This is a post about body positivity. I am not an expert; I’m just someone who has been wrasslin’ around with body image and self-worth issues in a lot of different ways for most of my years on this planet. I’m also not done yet. There are still days where I stand in front of a mirror and I can’t look myself in the eyes or when I avoid physical contact because this body feels like a cage. But those days are fewer than they used to be and I have better ways of dealing with them than I used to, so I wanted to share something for people who maybe going through some of the same struggles, and also for people who don’t really understand what body positivity is or how it works.
If you’re having trouble understanding body positivity, go swimming.
No. I’m serious. Go swimming.
I don’t mean put on a swimsuit and look in the mirror and repeat positive affirmations, or whatever. If that’s something you like to do, and that works for you, then fine. But I mean actually just get in the water. Not a bathtub, though a nice warm bath can be a great way to pamper and get in touch with your body, but I mean a big ol’ mess of water like a swimming pool or a lake or the ocean. Something where you can get in and move yourself around and get in all the way up to your eyeballs, or dive down and feel the water around you. Now I know that not everyone can swim, and you don’t actually have to; I’m trying to be a little poetic here, so indulge me, ‘kay? I’m talking about getting into the water and really focusing on how it feels.
Did you ever notice that water gives you the exact amount of space that you need? Nothing more. Nothing less. The water rushes up to meet you exactly where you are; it doesn’t say, “You could fit in here so much more if you were just 10 pounds thinner.” The water never tells you that you have such a great personality, that it will take you in despite your “flaws,” that it’s concerned about you and just wants you to be happy. It simply clears a space, the exact amount of space you need at that moment. If you come back later and you’re a little bit thinner, it will make a little bit less room; come back a little bit heavier, and it makes a little bit more. Whatever your body is, at the moment you enter the water, is right. It’s perfect, and it’s perfectly you.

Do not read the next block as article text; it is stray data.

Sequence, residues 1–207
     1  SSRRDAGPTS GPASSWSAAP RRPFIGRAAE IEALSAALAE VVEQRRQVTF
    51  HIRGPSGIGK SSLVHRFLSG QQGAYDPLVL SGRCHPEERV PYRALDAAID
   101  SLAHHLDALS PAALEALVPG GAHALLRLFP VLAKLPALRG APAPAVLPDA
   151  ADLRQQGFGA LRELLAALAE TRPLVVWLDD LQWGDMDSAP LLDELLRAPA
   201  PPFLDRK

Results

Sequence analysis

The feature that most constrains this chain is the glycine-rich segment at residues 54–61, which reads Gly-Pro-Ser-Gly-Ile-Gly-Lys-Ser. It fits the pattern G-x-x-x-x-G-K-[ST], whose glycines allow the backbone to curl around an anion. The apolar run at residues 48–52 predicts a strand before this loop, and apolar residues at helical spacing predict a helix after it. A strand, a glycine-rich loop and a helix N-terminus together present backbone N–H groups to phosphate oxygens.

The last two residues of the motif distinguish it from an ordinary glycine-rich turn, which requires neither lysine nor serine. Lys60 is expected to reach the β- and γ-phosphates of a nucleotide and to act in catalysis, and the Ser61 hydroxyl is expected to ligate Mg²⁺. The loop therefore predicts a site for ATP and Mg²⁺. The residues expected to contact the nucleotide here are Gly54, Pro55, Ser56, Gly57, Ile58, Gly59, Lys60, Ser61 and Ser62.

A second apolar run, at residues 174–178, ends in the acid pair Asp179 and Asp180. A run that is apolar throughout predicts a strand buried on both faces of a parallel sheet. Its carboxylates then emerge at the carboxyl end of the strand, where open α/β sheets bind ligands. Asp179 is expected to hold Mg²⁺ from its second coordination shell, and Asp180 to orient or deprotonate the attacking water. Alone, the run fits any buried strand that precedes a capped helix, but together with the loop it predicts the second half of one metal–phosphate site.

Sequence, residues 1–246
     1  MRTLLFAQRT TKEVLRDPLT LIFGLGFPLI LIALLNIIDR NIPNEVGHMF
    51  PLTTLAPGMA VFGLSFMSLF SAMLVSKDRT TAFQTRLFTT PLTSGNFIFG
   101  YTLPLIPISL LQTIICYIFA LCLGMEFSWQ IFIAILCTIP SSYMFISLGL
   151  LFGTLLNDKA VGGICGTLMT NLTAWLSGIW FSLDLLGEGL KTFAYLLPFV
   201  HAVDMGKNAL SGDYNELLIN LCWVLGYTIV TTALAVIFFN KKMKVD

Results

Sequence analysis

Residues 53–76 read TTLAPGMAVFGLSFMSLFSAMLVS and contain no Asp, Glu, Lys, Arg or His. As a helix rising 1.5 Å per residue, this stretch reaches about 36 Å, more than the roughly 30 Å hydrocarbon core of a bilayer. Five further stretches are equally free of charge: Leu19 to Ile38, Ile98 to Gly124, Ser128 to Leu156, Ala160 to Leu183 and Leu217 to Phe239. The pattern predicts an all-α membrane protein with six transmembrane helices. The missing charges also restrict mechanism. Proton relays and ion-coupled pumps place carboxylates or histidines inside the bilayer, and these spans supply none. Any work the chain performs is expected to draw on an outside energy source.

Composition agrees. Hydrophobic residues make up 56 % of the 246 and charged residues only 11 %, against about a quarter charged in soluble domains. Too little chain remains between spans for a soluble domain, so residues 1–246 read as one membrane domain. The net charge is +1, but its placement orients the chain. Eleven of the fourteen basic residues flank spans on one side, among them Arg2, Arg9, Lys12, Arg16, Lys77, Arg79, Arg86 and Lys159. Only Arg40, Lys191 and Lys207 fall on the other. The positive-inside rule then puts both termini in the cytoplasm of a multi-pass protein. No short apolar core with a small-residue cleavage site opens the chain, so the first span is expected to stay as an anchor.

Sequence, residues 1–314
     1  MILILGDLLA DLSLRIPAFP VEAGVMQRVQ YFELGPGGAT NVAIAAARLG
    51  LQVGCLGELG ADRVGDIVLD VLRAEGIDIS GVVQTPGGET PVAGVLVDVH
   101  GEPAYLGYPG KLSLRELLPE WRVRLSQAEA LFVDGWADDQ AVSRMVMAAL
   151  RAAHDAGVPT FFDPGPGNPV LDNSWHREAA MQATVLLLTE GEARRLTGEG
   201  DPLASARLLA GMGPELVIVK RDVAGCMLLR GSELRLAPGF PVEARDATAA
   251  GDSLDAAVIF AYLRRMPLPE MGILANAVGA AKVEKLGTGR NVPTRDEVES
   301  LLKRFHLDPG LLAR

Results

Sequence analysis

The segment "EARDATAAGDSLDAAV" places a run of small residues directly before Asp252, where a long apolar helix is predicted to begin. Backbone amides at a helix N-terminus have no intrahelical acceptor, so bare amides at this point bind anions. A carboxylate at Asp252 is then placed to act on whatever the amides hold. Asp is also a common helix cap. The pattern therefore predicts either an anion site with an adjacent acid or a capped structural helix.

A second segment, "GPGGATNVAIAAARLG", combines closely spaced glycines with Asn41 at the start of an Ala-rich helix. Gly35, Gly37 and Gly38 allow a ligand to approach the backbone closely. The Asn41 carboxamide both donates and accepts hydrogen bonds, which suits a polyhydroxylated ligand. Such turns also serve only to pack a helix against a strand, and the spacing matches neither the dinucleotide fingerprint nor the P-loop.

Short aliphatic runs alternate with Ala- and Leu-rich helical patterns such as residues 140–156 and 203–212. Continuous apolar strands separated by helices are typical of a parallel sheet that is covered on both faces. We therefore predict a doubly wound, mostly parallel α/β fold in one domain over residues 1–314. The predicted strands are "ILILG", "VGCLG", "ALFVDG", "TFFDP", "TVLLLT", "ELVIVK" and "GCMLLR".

“But aren’t you concerned about your health?”
That comment always comes up when people try to talk about body positivity, especially about larger bodies. Sometimes it comes from a genuinely decent (though naïve) place, and sometimes it’s from a place of wanting to be an asshole without actually looking like an asshole. If you make this sort of comment, I’ll leave it to you to decide which of those you are. How you respond to this next part might help you figure it out.
The first problem with a statement like this is that it assumes that all larger bodies are inherently unhealthy and all smaller bodies are inherently healthy, and that it is always preferable to have a smaller body over a larger body (or at the very least, to have a specific kind of body that the commenter has in mind). This is not necessarily the case. You can’t tell just by looking at someone how healthy they are. You don’t know what their eating habits or exercise routines might be, you can’t see most genetic factors or illnesses that a person might be dealing with. You just see a body, and you’ve decided that because it is larger, it must not be healthy. That’s a problem.
What’s a bigger problem is that this assumption is also paired with a belief that if your body is unhealthy that it isn’t deserving of love. That if you love your larger body, regardless of whatever degree of health or illness it might be experiencing at that moment, you are doing something wrong. That love can only be granted to your body if it meets someone else’s understanding and definition of healthiness. That by loving your larger body, you are actually doing yourself damage.